More About Company Boards and How to Build Them

Once a month, our panel of mentors answer your practical business questions. Send us your questions!

 

Dear BAM Mentor,

I keep hearing that having an Advisory Board is good idea for a BAM company. How is an advisory board different from other kinds of boards and how should I go about setting one up?

~ Needing Advice

Dear Needing Advice,

We must first determine what type of Board you are inquiring about. Usually, an Advisory Board is used to give strategic advice on a narrow topic. A Board of Directors, on the other hand, is who the CEO is accountable to. They give advice on a broader range of issues. This position has some legal responsibilities and Board members on large companies can wield considerable power since they hire and fire the CEO.  This is highly unlikely in a BAM company, however. 

Let’s talk for a minute about a Board of Directors. You should have such a Board. You, as CEO, need to be accountable to someone outside the company that has direct experience in what you are doing and can likely spot a potential pitfall before you can. Otherwise, it is more likely that you will make a significant mistake – and we all do – and there will be no one to help guide you through a particularly tricky situation. Read more

Making Sense of the World of Metrics

Measurement and metrics can be deceptively simple. We pick an aspect of our business and ask some basic questions about it, for example:

  • How many tables did each of the servers take care of each day?
  • How many sales calls did each of the sales staff make each day?
  • What is the company’s net profit each month?
  • How many people viewed our latest Google ad last week?
  • Which of our products gives the highest profit and which gives the lowest?

Answering such questions can help a manager understand a bit more about the business, however, there is a lot more to establishing metrics than simply asking and answering a few questions. It matters a great deal that we ask the right questions, that we get correct answers in a timely fashion and that we analyze the answers carefully then apply what we have learned.

Why are you measuring?

Metrics can be used for a variety of reasons. Purpose drives design, that is the design of the measure changes depending on how it will be used. Sometimes the desire will be to assess the state of the business for a one time decision that needs to be made. Other times the goal will be to establish a base and ongoing input for process improvement and management.  For example, a loan company will likely make an assessment of the business for a simple yes or no answer to the question “Is this company capable of repaying the loan?” Or an outside owner may want an answer to the question “Is management accomplishing its objectives?” However, an internal manager is likely to ask questions such as “Are we on track with our sales plan and if not, how can we get back on track?” The manager’s question is likely to be a process question, looking for diagnostics. The investor’s question is to make a one-time decision. The outside owner’s question falls somewhere in between, sometimes it would be a matter of replacing the manager and other times—one hopes—it would be aimed at helping the manager improve performance. Read more

Measuring the Impact and Performance of BAM: Intro to Metrics

Business as mission is hard. Very hard! Missionaries with little business experience but plenty of vision start businesses and struggle. Experienced business people start businesses in new countries or cultures and struggle. Too many business as mission (BAM) companies wander in the desert aimlessly. They need a compass to guide them—something to remind them of their direction and tell them if they are on track. Well designed and implemented metrics can help.

Metrics are measures. They are like the control panel on a car—the gauges, lights and dials that tell you how fast you’re going, how much fuel is left and whether you’re headed for trouble. You can drive a car without a fuel gauge or a speedometer, but you will likely run into serious trouble before too much time has passed.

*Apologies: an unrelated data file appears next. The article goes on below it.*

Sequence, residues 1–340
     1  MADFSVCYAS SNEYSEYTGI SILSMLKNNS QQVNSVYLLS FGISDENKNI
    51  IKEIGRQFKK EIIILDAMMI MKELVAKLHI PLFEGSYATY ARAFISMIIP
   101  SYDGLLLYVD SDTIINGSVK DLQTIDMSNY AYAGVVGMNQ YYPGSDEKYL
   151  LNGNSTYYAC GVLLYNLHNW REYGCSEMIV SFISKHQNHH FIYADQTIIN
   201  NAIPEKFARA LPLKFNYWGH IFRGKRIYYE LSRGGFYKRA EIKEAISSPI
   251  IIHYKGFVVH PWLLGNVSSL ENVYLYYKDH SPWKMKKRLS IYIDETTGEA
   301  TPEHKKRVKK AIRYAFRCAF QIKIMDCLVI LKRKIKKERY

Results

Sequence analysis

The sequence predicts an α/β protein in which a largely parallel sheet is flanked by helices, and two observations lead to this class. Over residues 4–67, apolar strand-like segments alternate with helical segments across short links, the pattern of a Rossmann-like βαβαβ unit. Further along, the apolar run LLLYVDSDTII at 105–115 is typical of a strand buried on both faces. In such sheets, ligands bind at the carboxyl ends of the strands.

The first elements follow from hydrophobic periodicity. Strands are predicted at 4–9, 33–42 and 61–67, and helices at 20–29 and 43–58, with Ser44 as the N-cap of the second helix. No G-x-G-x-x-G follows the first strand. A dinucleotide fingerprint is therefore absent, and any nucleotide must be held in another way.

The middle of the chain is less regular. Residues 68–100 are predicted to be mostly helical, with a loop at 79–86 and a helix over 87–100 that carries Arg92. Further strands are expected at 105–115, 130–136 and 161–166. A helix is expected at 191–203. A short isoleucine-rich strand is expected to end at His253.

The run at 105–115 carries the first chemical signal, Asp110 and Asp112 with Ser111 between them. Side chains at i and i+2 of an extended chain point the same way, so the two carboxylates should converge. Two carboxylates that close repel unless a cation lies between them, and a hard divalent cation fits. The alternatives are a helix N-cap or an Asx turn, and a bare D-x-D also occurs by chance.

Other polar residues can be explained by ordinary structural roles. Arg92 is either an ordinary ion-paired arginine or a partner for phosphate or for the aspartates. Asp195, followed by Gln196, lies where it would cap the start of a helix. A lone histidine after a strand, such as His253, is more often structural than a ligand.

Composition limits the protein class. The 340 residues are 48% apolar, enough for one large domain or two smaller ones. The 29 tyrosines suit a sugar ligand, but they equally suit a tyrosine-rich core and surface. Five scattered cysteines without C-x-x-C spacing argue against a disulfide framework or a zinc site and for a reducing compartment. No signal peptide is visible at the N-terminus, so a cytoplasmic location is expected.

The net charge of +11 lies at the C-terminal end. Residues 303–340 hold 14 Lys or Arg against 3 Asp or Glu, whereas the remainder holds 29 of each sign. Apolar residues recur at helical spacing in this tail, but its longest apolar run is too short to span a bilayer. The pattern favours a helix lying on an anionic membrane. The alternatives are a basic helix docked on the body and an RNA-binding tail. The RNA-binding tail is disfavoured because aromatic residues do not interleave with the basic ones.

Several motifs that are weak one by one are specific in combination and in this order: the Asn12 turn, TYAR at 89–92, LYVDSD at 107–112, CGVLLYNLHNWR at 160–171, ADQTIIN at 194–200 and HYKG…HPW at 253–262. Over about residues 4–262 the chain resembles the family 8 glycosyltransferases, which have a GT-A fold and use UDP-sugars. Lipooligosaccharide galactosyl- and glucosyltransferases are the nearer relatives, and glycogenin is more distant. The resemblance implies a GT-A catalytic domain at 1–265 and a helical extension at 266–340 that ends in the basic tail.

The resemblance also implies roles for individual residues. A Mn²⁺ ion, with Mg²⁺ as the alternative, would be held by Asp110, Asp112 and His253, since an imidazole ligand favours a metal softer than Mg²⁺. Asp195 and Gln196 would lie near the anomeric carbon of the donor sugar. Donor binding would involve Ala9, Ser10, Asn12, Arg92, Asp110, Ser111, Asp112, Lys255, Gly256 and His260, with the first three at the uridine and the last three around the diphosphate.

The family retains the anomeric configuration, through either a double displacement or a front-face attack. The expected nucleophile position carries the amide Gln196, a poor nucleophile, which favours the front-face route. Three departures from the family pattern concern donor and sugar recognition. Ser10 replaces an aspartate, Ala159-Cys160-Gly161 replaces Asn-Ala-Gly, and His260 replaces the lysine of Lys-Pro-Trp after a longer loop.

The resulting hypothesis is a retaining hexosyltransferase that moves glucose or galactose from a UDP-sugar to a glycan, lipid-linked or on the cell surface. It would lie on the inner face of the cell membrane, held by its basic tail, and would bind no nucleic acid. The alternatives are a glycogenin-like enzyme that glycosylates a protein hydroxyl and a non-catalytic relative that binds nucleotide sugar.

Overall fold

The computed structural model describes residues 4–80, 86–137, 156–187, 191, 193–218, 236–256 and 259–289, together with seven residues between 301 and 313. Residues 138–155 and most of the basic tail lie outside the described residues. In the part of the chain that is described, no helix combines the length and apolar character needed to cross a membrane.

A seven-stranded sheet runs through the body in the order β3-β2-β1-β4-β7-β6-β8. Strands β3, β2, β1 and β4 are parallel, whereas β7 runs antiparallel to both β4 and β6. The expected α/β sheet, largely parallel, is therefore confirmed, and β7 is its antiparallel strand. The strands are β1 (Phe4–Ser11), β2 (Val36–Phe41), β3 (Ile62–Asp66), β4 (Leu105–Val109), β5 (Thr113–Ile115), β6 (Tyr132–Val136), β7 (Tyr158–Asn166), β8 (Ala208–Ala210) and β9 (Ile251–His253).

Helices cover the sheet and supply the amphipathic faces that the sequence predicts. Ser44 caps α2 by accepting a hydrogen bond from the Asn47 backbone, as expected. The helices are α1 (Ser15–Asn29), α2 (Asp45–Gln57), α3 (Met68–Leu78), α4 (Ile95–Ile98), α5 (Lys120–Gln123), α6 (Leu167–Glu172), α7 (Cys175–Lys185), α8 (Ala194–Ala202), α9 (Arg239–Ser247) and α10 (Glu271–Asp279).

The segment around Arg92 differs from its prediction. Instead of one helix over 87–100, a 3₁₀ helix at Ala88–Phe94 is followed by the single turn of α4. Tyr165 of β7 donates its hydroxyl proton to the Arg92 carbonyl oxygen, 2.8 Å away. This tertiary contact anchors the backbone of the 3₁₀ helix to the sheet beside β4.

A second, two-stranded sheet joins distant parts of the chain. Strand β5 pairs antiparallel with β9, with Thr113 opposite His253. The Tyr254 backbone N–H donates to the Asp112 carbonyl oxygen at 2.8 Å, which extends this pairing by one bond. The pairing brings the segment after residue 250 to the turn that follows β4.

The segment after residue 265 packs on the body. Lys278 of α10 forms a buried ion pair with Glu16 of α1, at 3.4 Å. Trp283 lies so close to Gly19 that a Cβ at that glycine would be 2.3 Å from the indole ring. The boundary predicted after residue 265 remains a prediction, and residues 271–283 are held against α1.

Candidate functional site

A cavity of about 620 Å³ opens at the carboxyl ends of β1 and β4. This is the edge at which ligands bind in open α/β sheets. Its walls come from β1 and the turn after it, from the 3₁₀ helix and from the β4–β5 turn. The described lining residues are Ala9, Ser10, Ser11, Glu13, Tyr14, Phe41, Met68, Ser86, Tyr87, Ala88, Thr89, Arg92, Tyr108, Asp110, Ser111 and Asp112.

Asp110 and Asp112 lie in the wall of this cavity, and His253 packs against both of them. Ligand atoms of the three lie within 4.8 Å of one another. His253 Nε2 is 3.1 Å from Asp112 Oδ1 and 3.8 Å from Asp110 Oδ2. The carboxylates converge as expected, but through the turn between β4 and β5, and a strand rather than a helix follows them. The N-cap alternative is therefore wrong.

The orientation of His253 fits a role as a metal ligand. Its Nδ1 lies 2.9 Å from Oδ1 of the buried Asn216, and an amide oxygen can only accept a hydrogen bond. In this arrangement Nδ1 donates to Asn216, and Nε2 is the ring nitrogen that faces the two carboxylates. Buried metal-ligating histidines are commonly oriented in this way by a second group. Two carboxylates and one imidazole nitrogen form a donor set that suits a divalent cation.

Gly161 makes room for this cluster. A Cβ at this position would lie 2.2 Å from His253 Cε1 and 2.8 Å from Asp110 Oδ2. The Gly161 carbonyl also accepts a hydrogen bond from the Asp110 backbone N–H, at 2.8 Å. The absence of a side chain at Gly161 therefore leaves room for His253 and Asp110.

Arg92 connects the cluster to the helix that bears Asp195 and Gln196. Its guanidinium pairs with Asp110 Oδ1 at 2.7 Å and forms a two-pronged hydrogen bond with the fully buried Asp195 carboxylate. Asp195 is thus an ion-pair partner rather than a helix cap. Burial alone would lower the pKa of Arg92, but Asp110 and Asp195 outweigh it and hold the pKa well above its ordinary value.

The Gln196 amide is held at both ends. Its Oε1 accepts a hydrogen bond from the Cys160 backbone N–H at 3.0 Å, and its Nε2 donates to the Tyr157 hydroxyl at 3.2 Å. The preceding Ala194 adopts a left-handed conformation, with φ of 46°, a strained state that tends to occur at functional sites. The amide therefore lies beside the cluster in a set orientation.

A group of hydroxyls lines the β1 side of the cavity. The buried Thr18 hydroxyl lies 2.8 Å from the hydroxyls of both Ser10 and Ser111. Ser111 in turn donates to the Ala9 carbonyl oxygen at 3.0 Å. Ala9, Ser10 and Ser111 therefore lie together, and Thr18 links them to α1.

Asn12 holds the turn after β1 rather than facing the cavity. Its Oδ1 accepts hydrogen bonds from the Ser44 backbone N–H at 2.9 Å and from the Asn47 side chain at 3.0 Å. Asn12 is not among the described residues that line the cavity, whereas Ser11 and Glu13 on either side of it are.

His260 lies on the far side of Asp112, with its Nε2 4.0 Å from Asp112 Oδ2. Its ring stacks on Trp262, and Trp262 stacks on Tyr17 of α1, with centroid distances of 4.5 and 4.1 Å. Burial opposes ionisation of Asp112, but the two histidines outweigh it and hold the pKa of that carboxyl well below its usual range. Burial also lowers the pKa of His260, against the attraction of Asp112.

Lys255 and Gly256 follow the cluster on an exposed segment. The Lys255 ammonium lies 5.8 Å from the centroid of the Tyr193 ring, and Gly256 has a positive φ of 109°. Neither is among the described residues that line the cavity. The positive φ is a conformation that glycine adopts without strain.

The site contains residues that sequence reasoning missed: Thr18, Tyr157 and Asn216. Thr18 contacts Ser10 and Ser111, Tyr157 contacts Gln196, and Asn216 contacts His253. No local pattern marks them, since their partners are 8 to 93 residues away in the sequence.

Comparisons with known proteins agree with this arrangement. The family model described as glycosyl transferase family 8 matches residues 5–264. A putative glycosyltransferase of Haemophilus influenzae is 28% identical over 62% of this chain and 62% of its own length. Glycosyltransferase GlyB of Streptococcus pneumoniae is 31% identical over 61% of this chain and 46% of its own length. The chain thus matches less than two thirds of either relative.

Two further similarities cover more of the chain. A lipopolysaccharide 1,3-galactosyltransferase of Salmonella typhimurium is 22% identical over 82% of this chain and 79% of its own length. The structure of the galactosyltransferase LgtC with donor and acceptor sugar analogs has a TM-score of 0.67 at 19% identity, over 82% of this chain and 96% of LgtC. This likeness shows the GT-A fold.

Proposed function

Measures can be numbers, stories, graphs, or generalized reports. These metrics provide an insight into what’s really going on inside the operation. That matters to all who are working hard to see the business achieve its purpose—to glorify God. Read more

An Abundance of Counselors: Practical Steps to Set Up an Advisory Board

Once a month, our panel of mentors answer your practical business questions. Send us your questions!

 

Dear BAM Mentor,

I keep hearing that having an Advisory Board is good idea for a BAM company. How is an advisory board different from other kinds of boards and how should I go about setting one up?

~ Needing Advice

Dear Needing Advice,

The question arises as to the purpose and practicality of an Advisory Board for a small business or a startup. I have had advisory boards for several of the businesses I’ve launched and served on advisory boards for others. Needless to say, I am a big fan.

King Solomon put it like this:

“Where there is no guidance, a people falls, but in an abundance of counselors there is safety.”  Proverbs 11:14

“…for by wise guidance you can wage your war, and in abundance of counselors there is victory.”  Proverbs 24:6

The basic premise of an Advisory Board is that, rather than try to figure out everything on your own, you can enlist the wisdom, perspective and experience of others to help you “wage your war.” In addition to advice there is also a healthy element of accountability – something many entrepreneurs don’t want, but something all of them need. Read more

Patrick Lai on Mentoring [Book Excerpt]

One of the 11 building blocks of BAM or Business for Transformation (B4T) is “having a good mentor.”  Patrick Lai writes about this in his new book, Business for Transformation – Getting Started new on Amazon this month. Here’s an excerpt on this key topic.

Mentoring – Accountability

My wife has been known to say, “I love ministering. I just wish it didn’t involve people.” Every one of us is a sinner. We each have areas of temptation and sin. We need spiritual elders who will walk alongside us to assist us in maximizing God’s glory in and through us. In many situations, peer accountability is fine, but my research shows peer accountability is less effective than elder accountability. I think this is because peers leading one another are like the blind leading the blind.

In business, most reporting is done verbally, face-to-face. Bosses meet or communicate with their direct reports daily. We want to both see and hear that the work is being done and being done correctly. In business, people do not write up reports about themselves. Whether we are Christian or not, when we write up reports about ourselves, we are revealing only what we want to tell. And if we are honest, most of us view our work and ourselves better than we really are. Read more